Since the much-lamented demise of [link2post id=”393″]Tike[/link2post] I’ve been searching for an inspiring purveyor of Turkish comestibles. [link2post id=”3960″]Haz Premier Place was bloody awful![/link2post] I was far from rude enough about it in my review. Could Hazev (one dock along from Canary Wharf) provide Turkish titillation?[image image_id=”5066″ size=”medium” align=”left”]
That so many of the decent, up-standing, hard-working bankers, lawyers and associated professionals from the area could drag themselves from their desks in order to dine here gave a strong signal that we would do well here. Then we caught a whiff from the charcoal grill in the open kitchen area; the aromas of grilling meat got me drooling in double-quick time. The portents were promising.
The menu was excellent. We agreed we’d happily order any of the thirty-eight starters they listed. The main-courses included a plentiful array of grilled offerings and we were pleasantly taken with the number of casseroles and oven-cooked offerings that rarely make it onto menus. We were gob-smacked by the part of the menu listing the desserts. Until I perused that section it had never occurred to me that Levantine sweetmeats were worthy of anything other than sneering disdain. It was frankly mind-boggling that they served eight desserts that we would be happy to order.[image image_id=”5069″ align=”right” size=”medium”]
We ordered four starters to share and all were good – even the options perilously lacking in meat-value. As the picture suggests, Editor Daniel was keen to devour the patlican-biber kizartma – fried aubergines and peppers with fresh tomato sauce and yoghurt. The dish deserved devouring as it was agreeably flavourful and surprisingly devoid of dreary, insipid blandness considering it was a vegetable dish.
Our other non-meat starter were some falafel (known here as sebzeli kofte). I found them a tiny bit on the dry side, but they were served with more than enough delicious hoummous to keep them lubricated as they slipped into our eager mouths.[image image_id=”5071″ size=”medium” align=”left”]
By far my favourite starter were the icli kofte, which were very like what I would normally expect to be termed kibbe – little cracked-wheat parcels filled with minced lamb and pine-nuts. They had a really strong flavour of quality lamb which was enhanced rather than over-whelmed by a skilled use of herbs and spices. I have never had kibbe as good as these and I chortled loudly as I greedily devoured them.
Finally we took the option to nosh on some Turkish sausage (sucuk izgara). Powerfully infused with an impressive quantity of garlic allied to an essential meatiness and palate-coating richness these slices were most definitely from the dissolute end of sausage fun.[image image_id=”5074″ align=”right” size=”medium”]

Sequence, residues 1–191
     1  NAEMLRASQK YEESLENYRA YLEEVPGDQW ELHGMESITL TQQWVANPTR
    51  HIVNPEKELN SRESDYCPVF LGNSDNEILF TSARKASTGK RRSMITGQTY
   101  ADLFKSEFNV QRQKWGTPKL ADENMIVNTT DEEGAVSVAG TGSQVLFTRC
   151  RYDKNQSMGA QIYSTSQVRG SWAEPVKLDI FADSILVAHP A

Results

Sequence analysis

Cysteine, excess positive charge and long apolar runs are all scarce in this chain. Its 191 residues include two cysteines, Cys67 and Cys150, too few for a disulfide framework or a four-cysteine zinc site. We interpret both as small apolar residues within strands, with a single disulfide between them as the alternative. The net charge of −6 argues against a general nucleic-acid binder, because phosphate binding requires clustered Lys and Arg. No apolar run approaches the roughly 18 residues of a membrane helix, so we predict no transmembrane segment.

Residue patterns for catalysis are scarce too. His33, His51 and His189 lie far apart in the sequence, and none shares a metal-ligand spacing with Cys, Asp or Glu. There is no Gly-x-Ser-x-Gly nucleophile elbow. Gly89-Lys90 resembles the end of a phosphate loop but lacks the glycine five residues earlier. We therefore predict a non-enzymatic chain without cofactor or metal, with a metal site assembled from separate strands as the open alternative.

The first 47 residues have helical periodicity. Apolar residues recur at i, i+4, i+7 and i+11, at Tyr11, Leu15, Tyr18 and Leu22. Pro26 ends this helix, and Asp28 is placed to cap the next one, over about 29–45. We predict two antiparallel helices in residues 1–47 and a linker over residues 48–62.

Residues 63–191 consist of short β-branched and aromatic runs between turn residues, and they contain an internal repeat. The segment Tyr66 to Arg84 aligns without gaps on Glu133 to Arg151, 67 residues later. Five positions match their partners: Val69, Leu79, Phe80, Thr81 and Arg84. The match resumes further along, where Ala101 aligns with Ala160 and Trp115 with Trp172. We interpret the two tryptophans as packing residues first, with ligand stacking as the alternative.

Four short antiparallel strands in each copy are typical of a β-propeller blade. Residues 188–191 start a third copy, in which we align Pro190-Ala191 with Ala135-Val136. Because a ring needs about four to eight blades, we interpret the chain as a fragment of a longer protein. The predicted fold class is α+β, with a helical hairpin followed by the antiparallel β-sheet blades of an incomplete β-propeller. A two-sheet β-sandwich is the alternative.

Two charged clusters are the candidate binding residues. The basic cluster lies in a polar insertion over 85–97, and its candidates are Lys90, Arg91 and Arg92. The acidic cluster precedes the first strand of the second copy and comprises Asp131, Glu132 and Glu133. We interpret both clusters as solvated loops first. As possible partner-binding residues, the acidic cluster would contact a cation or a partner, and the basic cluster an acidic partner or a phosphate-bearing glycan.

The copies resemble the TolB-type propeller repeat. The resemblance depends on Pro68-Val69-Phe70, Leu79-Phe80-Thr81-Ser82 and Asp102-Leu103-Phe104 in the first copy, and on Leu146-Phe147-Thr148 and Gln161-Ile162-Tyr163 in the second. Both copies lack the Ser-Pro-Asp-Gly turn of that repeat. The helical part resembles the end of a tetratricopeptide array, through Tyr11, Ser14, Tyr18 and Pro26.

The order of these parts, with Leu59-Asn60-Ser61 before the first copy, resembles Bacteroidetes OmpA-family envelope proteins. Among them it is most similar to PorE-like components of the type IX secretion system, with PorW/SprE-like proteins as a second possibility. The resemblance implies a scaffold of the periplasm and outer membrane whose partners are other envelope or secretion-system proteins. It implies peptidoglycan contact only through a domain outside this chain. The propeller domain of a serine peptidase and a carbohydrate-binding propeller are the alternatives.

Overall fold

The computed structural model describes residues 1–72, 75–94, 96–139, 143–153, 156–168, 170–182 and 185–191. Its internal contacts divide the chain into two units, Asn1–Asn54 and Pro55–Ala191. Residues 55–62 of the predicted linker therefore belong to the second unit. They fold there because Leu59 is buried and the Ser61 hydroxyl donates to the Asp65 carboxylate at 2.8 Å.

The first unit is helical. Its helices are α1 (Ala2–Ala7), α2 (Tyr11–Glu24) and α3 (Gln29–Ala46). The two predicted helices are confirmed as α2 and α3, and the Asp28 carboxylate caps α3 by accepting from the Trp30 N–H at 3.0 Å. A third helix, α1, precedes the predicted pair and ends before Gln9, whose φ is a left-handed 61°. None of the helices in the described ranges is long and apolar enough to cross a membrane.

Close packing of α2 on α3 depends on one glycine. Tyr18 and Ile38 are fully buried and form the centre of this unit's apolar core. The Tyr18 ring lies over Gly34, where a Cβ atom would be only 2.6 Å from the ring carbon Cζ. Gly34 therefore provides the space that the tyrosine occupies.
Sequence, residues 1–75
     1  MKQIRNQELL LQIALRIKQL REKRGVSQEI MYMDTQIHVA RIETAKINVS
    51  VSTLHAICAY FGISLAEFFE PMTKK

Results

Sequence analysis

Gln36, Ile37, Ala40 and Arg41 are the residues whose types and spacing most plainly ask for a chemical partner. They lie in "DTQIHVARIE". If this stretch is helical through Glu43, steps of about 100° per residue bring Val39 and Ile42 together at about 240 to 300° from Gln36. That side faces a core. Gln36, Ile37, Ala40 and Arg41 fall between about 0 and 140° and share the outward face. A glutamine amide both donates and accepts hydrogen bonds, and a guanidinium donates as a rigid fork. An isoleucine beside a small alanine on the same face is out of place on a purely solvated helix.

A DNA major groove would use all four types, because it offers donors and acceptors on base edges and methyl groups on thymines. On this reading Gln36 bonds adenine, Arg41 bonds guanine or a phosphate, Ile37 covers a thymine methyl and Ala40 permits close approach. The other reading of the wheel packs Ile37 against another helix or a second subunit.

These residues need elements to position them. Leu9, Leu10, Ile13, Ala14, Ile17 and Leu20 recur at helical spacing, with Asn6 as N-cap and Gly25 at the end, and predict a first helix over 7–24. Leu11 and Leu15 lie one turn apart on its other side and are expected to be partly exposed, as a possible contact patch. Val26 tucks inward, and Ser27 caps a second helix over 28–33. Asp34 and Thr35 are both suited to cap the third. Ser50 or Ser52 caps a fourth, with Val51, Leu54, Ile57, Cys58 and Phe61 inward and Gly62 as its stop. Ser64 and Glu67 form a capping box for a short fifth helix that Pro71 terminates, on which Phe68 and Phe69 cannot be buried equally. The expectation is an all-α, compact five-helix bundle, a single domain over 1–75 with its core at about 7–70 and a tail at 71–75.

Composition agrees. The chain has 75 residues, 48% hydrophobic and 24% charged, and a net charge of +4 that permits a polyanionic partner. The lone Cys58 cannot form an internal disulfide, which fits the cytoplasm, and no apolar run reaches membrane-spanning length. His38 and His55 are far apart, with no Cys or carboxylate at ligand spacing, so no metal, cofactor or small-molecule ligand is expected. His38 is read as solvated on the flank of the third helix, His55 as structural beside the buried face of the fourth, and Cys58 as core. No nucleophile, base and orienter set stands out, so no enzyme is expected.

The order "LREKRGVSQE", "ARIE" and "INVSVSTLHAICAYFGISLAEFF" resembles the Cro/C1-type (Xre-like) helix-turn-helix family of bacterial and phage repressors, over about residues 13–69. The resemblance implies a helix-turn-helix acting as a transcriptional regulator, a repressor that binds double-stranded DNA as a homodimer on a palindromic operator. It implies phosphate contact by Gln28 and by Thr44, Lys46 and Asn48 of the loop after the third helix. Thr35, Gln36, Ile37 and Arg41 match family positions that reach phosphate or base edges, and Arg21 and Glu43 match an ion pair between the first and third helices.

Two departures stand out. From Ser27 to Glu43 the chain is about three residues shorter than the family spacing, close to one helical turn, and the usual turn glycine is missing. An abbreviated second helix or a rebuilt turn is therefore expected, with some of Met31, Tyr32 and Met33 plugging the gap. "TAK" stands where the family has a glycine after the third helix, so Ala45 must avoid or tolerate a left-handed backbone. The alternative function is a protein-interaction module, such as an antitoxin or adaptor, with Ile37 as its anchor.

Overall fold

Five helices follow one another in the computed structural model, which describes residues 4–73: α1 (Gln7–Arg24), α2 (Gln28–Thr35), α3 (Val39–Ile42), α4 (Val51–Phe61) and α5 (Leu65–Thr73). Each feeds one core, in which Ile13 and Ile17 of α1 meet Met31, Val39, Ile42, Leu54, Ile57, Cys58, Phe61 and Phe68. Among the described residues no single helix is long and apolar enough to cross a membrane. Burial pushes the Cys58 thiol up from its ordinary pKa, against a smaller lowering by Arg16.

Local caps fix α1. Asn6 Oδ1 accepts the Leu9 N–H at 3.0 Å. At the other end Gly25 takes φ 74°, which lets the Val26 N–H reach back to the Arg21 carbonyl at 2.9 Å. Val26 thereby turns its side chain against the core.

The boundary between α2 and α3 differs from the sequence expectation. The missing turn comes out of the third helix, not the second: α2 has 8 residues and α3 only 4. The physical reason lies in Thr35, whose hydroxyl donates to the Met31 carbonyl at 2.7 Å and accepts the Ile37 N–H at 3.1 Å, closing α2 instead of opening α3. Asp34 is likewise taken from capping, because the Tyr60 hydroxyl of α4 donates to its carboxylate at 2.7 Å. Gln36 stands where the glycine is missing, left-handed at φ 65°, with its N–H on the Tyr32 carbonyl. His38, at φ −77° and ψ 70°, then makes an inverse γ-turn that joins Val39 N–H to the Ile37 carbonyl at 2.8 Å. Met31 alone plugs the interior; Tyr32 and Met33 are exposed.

Both our main courses featured grilled lamb kofte: Daniel’s on a bed of fried leeks and mine on aubergine and red pepper purée. These kebabs were as far removed from the contaminated, mephitic horrors peddled by Ahmed’s ‘bab and botulism van during my Oxford years, as the Duke of Edinburgh is distant from tact, discretion and mannerliness. Top kit, most definitely. Portion sizes were deeply satisfying and we were compelled by the quality of ingredients which sympathetic and skilled preparation really allowed to shine. Do not miss the chilli sauce when it is offered, whilst it is a tad fiery it works extremely well as a flavour enhancer.[image image_id=”5076″ size=”medium” align=”left”]
Desserts should be, in every way, the climax of a meal, yet all too often they end up a limp and embarrassing business. Not so chez Hazev. Daniel ordered with stunning boldness and was well-served. His baby aubergines were soaked in clove-infused syrup and served with ‘clotted cream’. Kaymakli patlican, as the dish was called, not only looked really rather suggestive, but also had the most staggering cream artifice we have tasted. It wasn’t just clotted cream, it was clotted cream super-saturated with sugar. A new and amazing taste experience – I recommend this tooth-decaying confection unreservedly. Try some now.[image image_id=”5077″ align=”center” size=”medium”]
I ordered kunefe (shredded pastry filled with soft white cheese and baked in honey syrup) which required a ten minute wait to be freshly prepared; a trifling inconvenience given the result. I am rarely thrilled by these super-sweet pastry affairs but this was quite delicious and I will happily order it in future.
Hazev far surpasses all other Turkish restaurants we’ve patronised both in terms of quality and sophistication. The service was efficient and unobtrusive and the meal flowed with a good pace. If you are bonkers enough to order wine with Turkish food you’ll find enough good options on their list; you should go for beer, though. Finally, I was rather taken with the range of Turkish hits playing in the background. I normally disapprove of background music in restaurants, but these were catchy and not too loud. Should you be in the area and wish to dine, ignore all those frightful chain restaurants that infest Canary Wharf and go to Hazev, it is tip-top.
Contact details: Hazev, Discovery Dock West, 2 South Quay Square, Canary Wharf E14 9R. Telephone: 020 7515 9467.